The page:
This is the approach that we all were given when first diagnosed with diabetes. Typically, we were told to walk a minimum of 30 minutes a day at least 3 days a week. We were instructed to limit carbohydrate intake to 45-60 grams per meal, with 3 servings of 15 grams each, for a total of 135-180 grams per day. We were also told that after a time diet and exercise would not be enough, that we’d probably need to take oral medications and, eventually, insulin. Here’s what our plate looked like:

Image credit http://getloss.com/weight-loss/diet/1800-calorie-meal-plan.html

Approach Standard ADA Recommendations
Major Proponents American Diabetes Association
Lifestyle Required May be non-vegetarian or vegetarian/vegan
Description
  • Moderate-carbohydrate (about 45% of calories come from carbohydrate), 10% of calories from saturated fat, and focus on healthy or “good” fat sources (“Good fats” include monounsaturated and polyunsaturated fats)
  • 300 mg of cholesterol per day
  • 25 grams of dietary fiber per day
  • 2300 mg of sodium or less per day
Rationale Having diabetes should not prevent you from enjoying a wide variety of foods.
Calories Uses 2010 US Dietary Guidelines for Americans calorie chart (http://www.diabetes.org/assets/pdfs/food/calorie-intake-chart.pdf)
Macronutrient Percentages 10% fat, 45% carbs, 45% protein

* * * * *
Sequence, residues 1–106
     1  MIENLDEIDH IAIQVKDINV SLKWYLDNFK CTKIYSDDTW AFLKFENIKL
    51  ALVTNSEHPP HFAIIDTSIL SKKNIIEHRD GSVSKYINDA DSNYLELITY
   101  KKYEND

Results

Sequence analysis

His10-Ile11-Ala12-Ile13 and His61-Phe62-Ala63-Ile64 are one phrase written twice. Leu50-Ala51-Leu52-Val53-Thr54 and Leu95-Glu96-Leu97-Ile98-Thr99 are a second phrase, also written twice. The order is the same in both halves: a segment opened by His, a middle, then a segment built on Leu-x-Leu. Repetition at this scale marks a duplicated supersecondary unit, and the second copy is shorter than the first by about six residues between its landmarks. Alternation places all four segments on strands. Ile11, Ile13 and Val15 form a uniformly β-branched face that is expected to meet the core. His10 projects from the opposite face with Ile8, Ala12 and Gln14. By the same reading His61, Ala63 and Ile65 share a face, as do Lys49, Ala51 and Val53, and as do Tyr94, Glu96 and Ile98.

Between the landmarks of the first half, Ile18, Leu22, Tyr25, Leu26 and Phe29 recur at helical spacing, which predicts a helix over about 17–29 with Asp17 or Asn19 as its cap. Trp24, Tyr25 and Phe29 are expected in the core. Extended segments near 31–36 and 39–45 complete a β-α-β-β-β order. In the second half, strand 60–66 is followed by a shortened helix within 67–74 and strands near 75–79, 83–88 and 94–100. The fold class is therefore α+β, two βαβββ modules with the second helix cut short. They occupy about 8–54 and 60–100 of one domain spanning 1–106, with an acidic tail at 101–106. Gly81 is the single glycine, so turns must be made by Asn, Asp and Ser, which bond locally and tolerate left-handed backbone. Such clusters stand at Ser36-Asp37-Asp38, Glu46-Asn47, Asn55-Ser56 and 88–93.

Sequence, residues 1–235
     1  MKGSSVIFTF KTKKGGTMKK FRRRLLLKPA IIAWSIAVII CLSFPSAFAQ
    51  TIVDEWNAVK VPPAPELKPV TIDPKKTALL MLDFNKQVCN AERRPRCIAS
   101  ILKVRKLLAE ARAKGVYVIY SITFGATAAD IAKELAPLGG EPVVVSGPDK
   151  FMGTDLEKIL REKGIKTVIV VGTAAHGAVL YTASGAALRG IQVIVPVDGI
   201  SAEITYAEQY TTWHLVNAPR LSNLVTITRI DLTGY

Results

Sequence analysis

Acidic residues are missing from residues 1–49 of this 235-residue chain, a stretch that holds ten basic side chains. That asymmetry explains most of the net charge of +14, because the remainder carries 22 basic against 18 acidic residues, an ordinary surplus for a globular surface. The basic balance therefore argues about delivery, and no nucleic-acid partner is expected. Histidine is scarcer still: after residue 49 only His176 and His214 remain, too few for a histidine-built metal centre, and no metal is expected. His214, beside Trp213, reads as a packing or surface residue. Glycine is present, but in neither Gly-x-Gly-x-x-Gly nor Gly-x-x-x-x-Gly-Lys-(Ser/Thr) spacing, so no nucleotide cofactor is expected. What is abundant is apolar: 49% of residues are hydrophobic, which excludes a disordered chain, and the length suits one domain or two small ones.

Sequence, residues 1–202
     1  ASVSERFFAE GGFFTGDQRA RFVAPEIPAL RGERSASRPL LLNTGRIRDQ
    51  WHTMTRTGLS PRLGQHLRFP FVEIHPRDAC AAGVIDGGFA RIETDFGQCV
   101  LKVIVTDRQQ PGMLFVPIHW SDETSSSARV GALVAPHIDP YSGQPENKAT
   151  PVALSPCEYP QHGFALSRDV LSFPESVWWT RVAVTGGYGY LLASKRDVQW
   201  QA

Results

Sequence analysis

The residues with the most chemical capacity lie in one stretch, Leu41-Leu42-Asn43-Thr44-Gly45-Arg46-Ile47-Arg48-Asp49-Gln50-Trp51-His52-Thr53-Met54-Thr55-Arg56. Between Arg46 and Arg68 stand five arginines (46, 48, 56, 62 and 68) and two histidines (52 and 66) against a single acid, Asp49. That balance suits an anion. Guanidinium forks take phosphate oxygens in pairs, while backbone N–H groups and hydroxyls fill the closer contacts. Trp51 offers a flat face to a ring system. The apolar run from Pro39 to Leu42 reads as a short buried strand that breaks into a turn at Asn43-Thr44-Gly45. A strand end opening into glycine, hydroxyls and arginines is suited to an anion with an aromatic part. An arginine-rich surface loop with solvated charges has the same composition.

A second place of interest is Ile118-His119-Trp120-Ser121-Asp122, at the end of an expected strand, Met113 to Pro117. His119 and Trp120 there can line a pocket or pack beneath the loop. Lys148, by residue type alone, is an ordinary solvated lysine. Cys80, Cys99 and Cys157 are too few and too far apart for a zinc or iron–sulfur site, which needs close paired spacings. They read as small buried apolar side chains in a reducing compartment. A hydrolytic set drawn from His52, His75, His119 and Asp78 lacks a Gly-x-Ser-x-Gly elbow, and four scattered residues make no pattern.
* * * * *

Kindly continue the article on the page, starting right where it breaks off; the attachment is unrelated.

Carbohydrates
  • 45-60 grams per meal, 135-180 grams per day
  • 15-20 grams per serving
Fats Allowed: Monounsaturated fats, polyunsaturated fats, omega-3 fatty acids.
Less than 10% of calories from saturated fat (20 grams/day)
Not allowed: Saturated fat, trans fat (hydrogenated oil or partially hydrogenated oil), cholesterol
Reference: http://www.diabetes.org/food-and-fitness/food/what-can-i-eat/making-healthy-food-choices/fats-and-diabetes.html?loc=ff-slabnav
Protein (meat, eggs, dairy)
  • Lean meat
  • Eggs
  • Dairy, but recommends fat-free or low-fat.
Fiber 25-30 grams/day
Fruits All fruit, unsweetened
Grains Choose whole grains. Leave the processed white flour-based products, especially the ones with added sugar.
Legumes You can’t find better nutrition than that provided by beans.
Vegetables The best choices are fresh, frozen, and canned vegetables and vegetable juices without added sodium, fat, or sugar.
Processed Foods Minimize
Exercise 30 min/day at least 6 days, or 3 hr/week
Water 8 glasses/day
Information & Resources http://www.diabetes.org/food-and-fitness/food/what-can-i-eat/?loc=ff-slabnav

References:

Are Carbs the Enemy?
The debate over eating and diabetes
http://www.diabetesforecast.org/2011/mar/are-carbs-the-enemy.html

Create Your Plate
http://www.diabetes.org/food-and-fitness/food/planning-meals/diabetes-food-pyramid.html

Diabetes diet: Create your healthy-eating plan
Mayo Clinic
http://www.mayoclinic.org/diseases-conditions/diabetes/in-depth/diabetes-diet/art-20044295

How Diabetes Works
http://health.howstuffworks.com/diseases-conditions/diabetes/diabetes.htm

How to Manage Diabetes with a “Carbohydrate-Friendly” Diet
http://www.healthline.com/health/type-2-diabetes/diet-restrictions#1

Understanding Carbohydrates
Official ADA website
http://www.diabetes.org/food-and-fitness/food/what-can-i-eat/understanding-carbohydrates/

Additional resources in Books, Movies, and Videos.

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